Thursday, August 6, 2015

DIY Watercolor Stationery

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DIY Watercolor Stationery

Watercolor Stationery Tutorial by Emily Katharine Photography

This month’s “Perfect Details” series has to be my favorite series yet! This month, I will be teaming up with Emily Katharine Photography to share lots of amazing ideas for a watercolor themed wedding. The series will include today’s watercolor stationery tutorial, next week’s edible watercolor paint (perfect for cookies and cakes,) a bouquet recipe, and lastly, I will share the insanely gorgeous watercolor themed wedding shoot Emily designed herself that include all of these elements. It’s going to be amazing, so “stay tuned” every Thursday this month for more ideas!

Watercolor Stationery Instructions

Before You Get Started

Emily answers some very important questions that will greatly help you before you get started….

1. Once you decide to take the leap and design your own stationery, what is the first step? 

Once I decided to paint the stationary for this styled shoot I looked up some inspiration on Pinterest and Etsy. Of course, I didn’t copy any stationary set directly, but just used it as inspiration. I based it off our watercolor wedding theme, so I started by searching for images of watercolor flowers. I found a few that I liked, practiced painting a few, and went from there. I then added a few smaller elements, like the cherries and the greenery with the small blooms to fill leftover space.

You will need to paint on watercolor paper, as it absorbs water differently than regular printer paper.

I prefer using really small, fine brushes because I have more control of the strokes. When writing the script, I put a very small amount water on my brush and primarily use the watercolor ink, as sometimes the water will flow too much if it gets too watery. It is a good idea to practice!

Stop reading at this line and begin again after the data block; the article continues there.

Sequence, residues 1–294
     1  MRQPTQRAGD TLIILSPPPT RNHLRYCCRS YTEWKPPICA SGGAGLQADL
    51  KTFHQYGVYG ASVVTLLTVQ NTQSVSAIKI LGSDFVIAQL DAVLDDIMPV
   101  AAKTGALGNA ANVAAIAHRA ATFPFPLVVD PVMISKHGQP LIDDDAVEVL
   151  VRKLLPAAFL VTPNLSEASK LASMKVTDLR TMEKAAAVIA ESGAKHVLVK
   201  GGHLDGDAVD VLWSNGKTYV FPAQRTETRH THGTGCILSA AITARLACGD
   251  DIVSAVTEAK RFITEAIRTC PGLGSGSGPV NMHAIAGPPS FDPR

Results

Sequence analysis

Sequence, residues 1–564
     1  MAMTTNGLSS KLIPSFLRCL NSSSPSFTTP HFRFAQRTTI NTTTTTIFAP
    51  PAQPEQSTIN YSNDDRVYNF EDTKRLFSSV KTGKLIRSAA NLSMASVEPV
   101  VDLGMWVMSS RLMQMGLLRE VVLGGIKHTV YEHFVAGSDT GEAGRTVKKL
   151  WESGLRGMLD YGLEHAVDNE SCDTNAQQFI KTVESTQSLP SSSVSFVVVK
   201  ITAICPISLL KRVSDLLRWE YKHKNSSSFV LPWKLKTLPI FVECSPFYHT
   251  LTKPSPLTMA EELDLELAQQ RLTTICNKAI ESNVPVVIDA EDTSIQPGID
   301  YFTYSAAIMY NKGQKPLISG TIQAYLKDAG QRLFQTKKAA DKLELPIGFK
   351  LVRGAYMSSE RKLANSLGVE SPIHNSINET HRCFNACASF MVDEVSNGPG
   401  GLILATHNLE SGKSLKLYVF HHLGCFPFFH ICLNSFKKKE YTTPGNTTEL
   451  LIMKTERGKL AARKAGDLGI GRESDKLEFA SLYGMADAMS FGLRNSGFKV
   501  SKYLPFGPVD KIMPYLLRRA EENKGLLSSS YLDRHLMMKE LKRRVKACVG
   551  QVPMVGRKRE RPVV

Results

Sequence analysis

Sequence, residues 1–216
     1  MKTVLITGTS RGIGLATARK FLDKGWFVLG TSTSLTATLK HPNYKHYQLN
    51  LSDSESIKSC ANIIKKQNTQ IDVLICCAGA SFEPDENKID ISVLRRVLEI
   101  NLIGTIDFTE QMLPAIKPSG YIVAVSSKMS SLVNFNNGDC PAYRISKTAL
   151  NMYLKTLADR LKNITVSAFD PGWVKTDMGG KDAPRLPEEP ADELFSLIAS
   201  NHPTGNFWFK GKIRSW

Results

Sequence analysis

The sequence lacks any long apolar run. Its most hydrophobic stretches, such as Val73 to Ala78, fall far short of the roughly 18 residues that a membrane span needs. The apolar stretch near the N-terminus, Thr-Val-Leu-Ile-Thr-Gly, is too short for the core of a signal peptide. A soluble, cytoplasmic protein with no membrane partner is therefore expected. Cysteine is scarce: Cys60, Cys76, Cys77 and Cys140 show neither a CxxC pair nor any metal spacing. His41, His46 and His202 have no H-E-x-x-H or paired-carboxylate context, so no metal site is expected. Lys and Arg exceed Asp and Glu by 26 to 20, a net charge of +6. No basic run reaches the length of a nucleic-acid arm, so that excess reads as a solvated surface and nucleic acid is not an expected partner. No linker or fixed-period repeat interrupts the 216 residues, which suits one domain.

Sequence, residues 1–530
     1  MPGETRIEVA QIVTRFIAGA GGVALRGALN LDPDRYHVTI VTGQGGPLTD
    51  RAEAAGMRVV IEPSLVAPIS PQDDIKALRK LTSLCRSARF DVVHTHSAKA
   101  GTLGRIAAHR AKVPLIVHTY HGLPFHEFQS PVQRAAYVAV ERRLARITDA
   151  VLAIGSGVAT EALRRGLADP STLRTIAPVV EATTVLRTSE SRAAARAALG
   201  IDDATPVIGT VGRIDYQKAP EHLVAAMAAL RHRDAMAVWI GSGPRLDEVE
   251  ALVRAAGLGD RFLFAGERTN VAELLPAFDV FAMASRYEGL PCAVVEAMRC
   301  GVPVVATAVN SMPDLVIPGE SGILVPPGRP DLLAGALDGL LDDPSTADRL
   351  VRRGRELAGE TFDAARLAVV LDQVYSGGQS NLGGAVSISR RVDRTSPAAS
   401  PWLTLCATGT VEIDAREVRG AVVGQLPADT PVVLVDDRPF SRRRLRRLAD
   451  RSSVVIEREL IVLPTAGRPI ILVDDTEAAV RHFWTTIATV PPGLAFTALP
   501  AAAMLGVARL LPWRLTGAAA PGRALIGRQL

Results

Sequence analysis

2. Why is watercolor a good choice for a stationery design?

I have always been a huge fan of watercolor. I love how organic and impressionistic it looks. It seems very natural and flowing, and it doesn’t have to be perfect to still look gorgeous. Sometimes I just let the paint flow and follow the water, and that can be so beautiful and natural.

3. Do you know how a bride would have the stationery copied? Would simply taking it to a mass printing store like UPS work? 

I don’t know how this would work nationally. When I make invitations for our own wedding, I will get them printed at Invitation Consultants. It is local, but I do know they work on national orders as well. Before making the invitation, create it in a size that is available and common. After finishing the painting, take a photo of it or scan it at a local FedEx. From there, I would probably edit it in a photo software to make sure the colors look the way you want them to. After that, you can upload your own design to the site and order the invitations.

4. What are some tips/suggestions/encouragement for a bride trying to do this?

Practice, practice, practice. Get familiar with how watercolors work. Use more pigment than water for the script. Use more water than pigment for the flowers.

When adding additional layers/colors to the flowers, I would either add it while the water was still wet, or wait until the paint had dried depending on what look I was going for. If I wanted a multi-colored flower, I would use the two colors one after the other. However, If I was adding small dots or details that I didn’t want to run, I would wait until the other paint had dried.

Don’t take it too seriously – this should be a fun way to put your heart into your wedding!


Items You Will Need 

 Tape and Watercolor Paper

Watercolors and Brushes

Watercolor Paper